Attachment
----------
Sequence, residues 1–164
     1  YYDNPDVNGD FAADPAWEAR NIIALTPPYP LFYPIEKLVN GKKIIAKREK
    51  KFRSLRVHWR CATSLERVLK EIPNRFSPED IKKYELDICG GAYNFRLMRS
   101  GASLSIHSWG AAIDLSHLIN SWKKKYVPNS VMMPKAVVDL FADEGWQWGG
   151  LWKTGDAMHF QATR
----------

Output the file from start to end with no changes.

Sequence, residues 1–164
     1  YYDNPDVNGD FAADPAWEAR NIIALTPPYP LFYPIEKLVN GKKIIAKREK
    51  KFRSLRVHWR CATSLERVLK EIPNRFSPED IKKYELDICG GAYNFRLMRS
   101  GASLSIHSWG AAIDLSHLIN SWKKKYVPNS VMMPKAVVDL FADEGWQWGG
   151  LWKTGDAMHF QATR